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Incorporation of patient and public involvement in statistical methodology research: a survey assessing current practices and attitudes of researchers

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journal contribution
posted on 2023-11-01, 10:08 authored by Lucy Abell, Francesca Maher, Samina Begum, Sarah Booth, Jonathan BroomfieldJonathan Broomfield, Sangyun Lee, Ellesha Smith, Rachael StannardRachael Stannard, Lucy Teece, Elpida Vounzoulaki, Hannah Worboys, Laura J. Gray


Patient and public involvement (PPI) ensures that research is designed and conducted in a manner that is most beneficial to the individuals whom it will impact. It has an undisputed place in applied research and is required by many funding bodies. However, PPI in statistical methodology research is more challenging and work is needed to identify where and how patients and the public can meaningfully input in this area.


A descriptive cross-sectional research study was conducted using an online questionnaire, which asked statistical methodologists about themselves and their experience conducting PPI, either to inform a grant application or during a funded statistical methodology project. The survey included both closed-text responses, which were reported using summary statistics, and open-ended questions for which common themes were identified.


119 complete responses were recorded. Individuals who completed the survey displayed an even range of ages, career lengths and positions, with the majority working in academia. 40.3% of participants reported undertaking PPI to inform a grant application and the majority reported that the inclusion of PPI was received positively by the funder. Only 21.0% of participants reported undertaking PPI during a methodological project. 31.0% of individuals thought that PPI was “very” or “extremely” relevant to statistical methodology research, with 45.5% responding “somewhat” and 24.4% answering “not at all” or “not very”. Arguments for including PPI were that it can provide the motivation for research and shape the research question. Negative opinions included that it is too technical for the public to understand, so they cannot have a meaningful impact.


This survey found that the views of statistical methodologists on the inclusion of PPI in their research are varied, with some individuals having particularly strong opinions, both positive and negative. Whilst this is clearly a divisive topic, one commonly identified theme was that many researchers are willing to try and incorporate meaningful PPI into their research but would feel more confident if they had access to resources such as specialised training, guidelines, and case studies.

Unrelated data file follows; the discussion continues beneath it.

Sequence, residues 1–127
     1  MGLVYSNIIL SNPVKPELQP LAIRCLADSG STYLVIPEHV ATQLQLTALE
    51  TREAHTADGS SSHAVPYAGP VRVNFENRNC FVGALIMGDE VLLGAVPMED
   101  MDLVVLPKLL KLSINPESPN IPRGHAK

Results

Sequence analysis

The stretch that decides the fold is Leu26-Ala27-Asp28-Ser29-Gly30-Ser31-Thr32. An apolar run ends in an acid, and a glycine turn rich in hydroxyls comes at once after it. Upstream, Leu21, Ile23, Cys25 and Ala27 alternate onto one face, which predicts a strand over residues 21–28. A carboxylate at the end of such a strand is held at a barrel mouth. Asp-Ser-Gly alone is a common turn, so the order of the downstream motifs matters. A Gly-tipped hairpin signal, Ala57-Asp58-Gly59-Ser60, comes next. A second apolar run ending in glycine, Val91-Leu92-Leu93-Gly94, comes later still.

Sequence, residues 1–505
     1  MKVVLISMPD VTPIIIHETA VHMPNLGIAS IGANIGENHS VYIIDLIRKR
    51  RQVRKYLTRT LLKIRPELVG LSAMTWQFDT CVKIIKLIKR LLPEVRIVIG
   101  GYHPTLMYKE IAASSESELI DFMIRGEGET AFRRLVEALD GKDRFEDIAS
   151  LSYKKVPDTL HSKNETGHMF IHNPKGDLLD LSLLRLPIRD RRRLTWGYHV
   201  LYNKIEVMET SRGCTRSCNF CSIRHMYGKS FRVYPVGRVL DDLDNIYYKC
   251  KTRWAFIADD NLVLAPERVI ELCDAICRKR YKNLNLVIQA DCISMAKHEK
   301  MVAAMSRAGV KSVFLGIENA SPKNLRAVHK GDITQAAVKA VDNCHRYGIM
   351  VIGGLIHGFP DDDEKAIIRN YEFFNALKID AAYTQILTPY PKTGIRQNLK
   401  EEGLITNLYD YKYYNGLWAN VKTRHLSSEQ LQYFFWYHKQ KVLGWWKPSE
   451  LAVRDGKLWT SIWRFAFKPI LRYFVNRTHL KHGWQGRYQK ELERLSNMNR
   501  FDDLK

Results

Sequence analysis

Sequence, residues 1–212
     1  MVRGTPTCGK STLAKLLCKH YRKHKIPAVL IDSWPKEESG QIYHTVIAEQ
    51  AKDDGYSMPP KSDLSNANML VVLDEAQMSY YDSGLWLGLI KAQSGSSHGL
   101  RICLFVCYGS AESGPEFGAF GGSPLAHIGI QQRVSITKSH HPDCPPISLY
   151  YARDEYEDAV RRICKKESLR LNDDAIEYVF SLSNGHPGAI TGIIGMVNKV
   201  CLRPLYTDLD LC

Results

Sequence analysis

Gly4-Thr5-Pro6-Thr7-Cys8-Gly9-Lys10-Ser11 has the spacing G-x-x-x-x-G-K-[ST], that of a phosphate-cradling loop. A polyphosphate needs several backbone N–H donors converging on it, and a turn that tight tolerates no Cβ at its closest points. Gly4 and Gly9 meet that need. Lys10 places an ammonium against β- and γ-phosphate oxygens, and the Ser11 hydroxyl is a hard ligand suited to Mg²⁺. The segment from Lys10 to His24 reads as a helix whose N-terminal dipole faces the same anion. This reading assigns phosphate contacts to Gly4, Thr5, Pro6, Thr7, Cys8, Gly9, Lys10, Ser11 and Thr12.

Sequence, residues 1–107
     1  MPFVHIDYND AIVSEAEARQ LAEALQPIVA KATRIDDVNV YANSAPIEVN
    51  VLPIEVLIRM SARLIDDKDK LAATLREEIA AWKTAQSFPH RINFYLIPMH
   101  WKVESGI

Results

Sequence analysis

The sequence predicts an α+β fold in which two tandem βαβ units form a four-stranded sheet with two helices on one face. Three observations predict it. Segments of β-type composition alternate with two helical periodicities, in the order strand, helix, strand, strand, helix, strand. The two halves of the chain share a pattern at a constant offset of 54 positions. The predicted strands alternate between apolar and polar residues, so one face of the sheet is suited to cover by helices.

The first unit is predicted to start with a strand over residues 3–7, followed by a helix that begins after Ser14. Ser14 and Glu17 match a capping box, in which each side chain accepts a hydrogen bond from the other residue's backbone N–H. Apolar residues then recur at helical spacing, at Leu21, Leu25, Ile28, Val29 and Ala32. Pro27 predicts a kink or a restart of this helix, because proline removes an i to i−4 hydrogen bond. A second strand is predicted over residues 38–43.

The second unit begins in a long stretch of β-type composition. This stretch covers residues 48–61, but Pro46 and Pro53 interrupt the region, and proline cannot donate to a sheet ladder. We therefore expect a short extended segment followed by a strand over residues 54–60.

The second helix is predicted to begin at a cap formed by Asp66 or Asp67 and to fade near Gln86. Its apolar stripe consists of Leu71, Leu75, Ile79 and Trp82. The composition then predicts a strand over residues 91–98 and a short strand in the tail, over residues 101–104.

Plain English summary

Patient and public involvement (or PPI) means researchers working in partnership with patients and the public in any part of research. It can include helping decide what the research question is, how to pass on results to the public, and telling researchers what areas are most important to patients and the public. Statistical methods are the tools we use to analyse data. Statistical methodology research involves making sure these tools use our healthcare data in the best way. PPI is essential in health research and is becoming more common in statistical methodology research. But it can be hard to know how to include patients and the public in statistical methodology research. It may seem complex and not directly related to patients. This paper describes the results from a survey we did about the experiences of researchers who have carried out PPI for statistical methodology research. We asked them what they think about it, and how it affects their research. We also asked if they feel confident including PPI in their research, and whether they are given enough help. Researchers had different views about PPI for statistical methodology research. Some people thought PPI was very important in their research, but others weren’t sure. Many people said that they would like more help such as training and guidelines to help them do better PPI in the future.


National Institute for Health and Care Research (NIHR) Applied Research Collaboration East Midlands (ARC EM) and Leicester NIHR Biomedical Research Centre (BRC)


Author affiliation

Department of Population Health Sciences, University of Leicester


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